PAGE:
Scotland’s second largest health board has defended the practice of asking smokers to quit before they access certain treatments.
Vascular surgeons at Edinburgh Royal Infirmary (ERI) said they would not take GP referrals for non-emergency patients unless they had stopped smoking.
Doctors and NHS Lothian argued that medical intervention could be avoided if people simply stopped smoking and changed their lifestyles, adding that smokers could face extra complications in surgery.
They said there was no blanket ban on smokers having certain treatments.
But the move was criticised by patient groups.
The NHS can limit access to a number of treatments due to factors such as smoking and obesity – for example IVF which can be less successful in patients who smoke.
Vascular surgeons specialise in treating diseases affecting the arteries and veins.
Risk factors for vascular disease include smoking, diabetes, high cholesterol and high blood pressure.
Surgeons at the vascular surgery service at the ERI said they were refusing GP referrals from patients who failed to stop smoking.
Consultant vascular surgeon Zahid Raza said that patients who did not present as a medical emergency would not be seen unless they made lifestyle changes.
“In Edinburgh, we will not see patients at the clinic that are still smoking. Evidence shows that they would not do well with the treatment,” he said.
“In the case of people that have pain when they are walking, then changing their lifestyle, stopping smoking, getting their diabetes or high blood pressure under control, an exercise programme and seeing a physiotherapist would see changes in their condition.
“We have refused to take GP referrals from patients that are still smoking. Some patients have written to their MP demanding to see a consultant. I have written back to the MP to explain our position.”
Mr Raza added: “We try to avoid intervention and, in around 80 per cent of cases, a smoker’s condition will improve just simply by stopping smoking and making other lifestyle changes.”
However, Dr Jean Turner, from the Scotland Patients Association, said she was “extremely disappointed” by the stance.
“I’m really quite shocked. You should not refuse to see anybody and certainly not penalise patients who are smoking,” she said.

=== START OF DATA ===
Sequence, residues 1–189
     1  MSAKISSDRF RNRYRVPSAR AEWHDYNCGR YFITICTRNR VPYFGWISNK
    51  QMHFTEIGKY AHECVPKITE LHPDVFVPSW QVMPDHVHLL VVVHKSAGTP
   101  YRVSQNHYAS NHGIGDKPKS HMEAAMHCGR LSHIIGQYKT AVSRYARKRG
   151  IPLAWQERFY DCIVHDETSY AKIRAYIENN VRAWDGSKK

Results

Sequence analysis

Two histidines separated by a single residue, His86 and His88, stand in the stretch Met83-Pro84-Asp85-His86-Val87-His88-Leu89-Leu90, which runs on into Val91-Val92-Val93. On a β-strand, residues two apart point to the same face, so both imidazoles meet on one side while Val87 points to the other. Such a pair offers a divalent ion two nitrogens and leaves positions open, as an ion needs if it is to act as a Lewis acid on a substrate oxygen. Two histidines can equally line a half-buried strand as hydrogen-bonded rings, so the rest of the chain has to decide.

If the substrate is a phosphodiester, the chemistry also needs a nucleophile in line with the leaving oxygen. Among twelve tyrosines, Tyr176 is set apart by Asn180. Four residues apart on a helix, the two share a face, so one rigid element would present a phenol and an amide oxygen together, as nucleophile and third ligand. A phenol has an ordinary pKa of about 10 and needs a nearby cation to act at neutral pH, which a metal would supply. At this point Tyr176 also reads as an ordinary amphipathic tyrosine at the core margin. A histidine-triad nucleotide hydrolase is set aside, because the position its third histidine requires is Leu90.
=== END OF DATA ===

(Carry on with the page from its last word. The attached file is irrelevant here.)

“Smoking is an addiction and if someone is in agony with their legs then that could lead to other health problems, such as depression.
“It is very God-like and highly unfair to refuse to see people referred from general practitioners and if I was a GP I would be very angry. It’s not for a doctor to make a judgment. Doctors are there to see if they can help and relieve symptoms.”
Dr David Farquharson, medical director at NHS Lothian, said: “NHS Lothian treats every patient on an individual case-by-case basis and there is no blanket policy in place that rules that smokers cannot undergo procedures or access certain areas of healthcare.
“In serious cases, medical intervention and procedures will always be provided swiftly, but we also recognise that some kinds of surgical operation are less likely to be successful in patients who smoke and that complications of surgery are more common in patients who continue to do so.
“The best option can actually be to refer a patient into smoking cessation, fitness and diet intervention programmes to help them change their lifestyle, which will in turn improve their condition and if necessary the outcome of any medical intervention.”
A Scottish Government health spokeswoman said: “Smoking is never good for you.
“Patients who continue to smoke need to think very carefully about the increased risks involved, if surgery is being considered as a treatment option.
“However, a blanket ban on surgery for smokers is not acceptable and is not something that either the Scottish Government or NHS Lothian have proposed. ”